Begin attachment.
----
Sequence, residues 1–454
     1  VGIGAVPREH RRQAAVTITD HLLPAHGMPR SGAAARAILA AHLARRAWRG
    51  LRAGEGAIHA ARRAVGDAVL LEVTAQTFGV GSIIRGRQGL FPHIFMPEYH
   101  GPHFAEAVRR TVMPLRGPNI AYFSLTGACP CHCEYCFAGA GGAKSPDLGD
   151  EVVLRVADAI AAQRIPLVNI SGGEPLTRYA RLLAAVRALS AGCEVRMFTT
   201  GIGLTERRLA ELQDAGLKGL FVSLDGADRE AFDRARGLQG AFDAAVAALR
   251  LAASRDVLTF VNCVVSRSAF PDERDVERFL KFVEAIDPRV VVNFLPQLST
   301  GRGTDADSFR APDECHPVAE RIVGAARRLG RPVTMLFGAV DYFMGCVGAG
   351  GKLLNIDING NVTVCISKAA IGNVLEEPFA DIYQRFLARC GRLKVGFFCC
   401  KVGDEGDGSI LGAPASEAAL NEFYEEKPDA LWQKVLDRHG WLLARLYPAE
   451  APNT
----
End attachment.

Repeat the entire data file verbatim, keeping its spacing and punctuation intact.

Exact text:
Sequence, residues 1–454
     1  VGIGAVPREH RRQAAVTITD HLLPAHGMPR SGAAARAILA AHLARRAWRG
    51  LRAGEGAIHA ARRAVGDAVL LEVTAQTFGV GSIIRGRQGL FPHIFMPEYH
   101  GPHFAEAVRR TVMPLRGPNI AYFSLTGACP CHCEYCFAGA GGAKSPDLGD
   151  EVVLRVADAI AAQRIPLVNI SGGEPLTRYA RLLAAVRALS AGCEVRMFTT
   201  GIGLTERRLA ELQDAGLKGL FVSLDGADRE AFDRARGLQG AFDAAVAALR
   251  LAASRDVLTF VNCVVSRSAF PDERDVERFL KFVEAIDPRV VVNFLPQLST
   301  GRGTDADSFR APDECHPVAE RIVGAARRLG RPVTMLFGAV DYFMGCVGAG
   351  GKLLNIDING NVTVCISKAA IGNVLEEPFA DIYQRFLARC GRLKVGFFCC
   401  KVGDEGDGSI LGAPASEAAL NEFYEEKPDA LWQKVLDRHG WLLARLYPAE
   451  APNT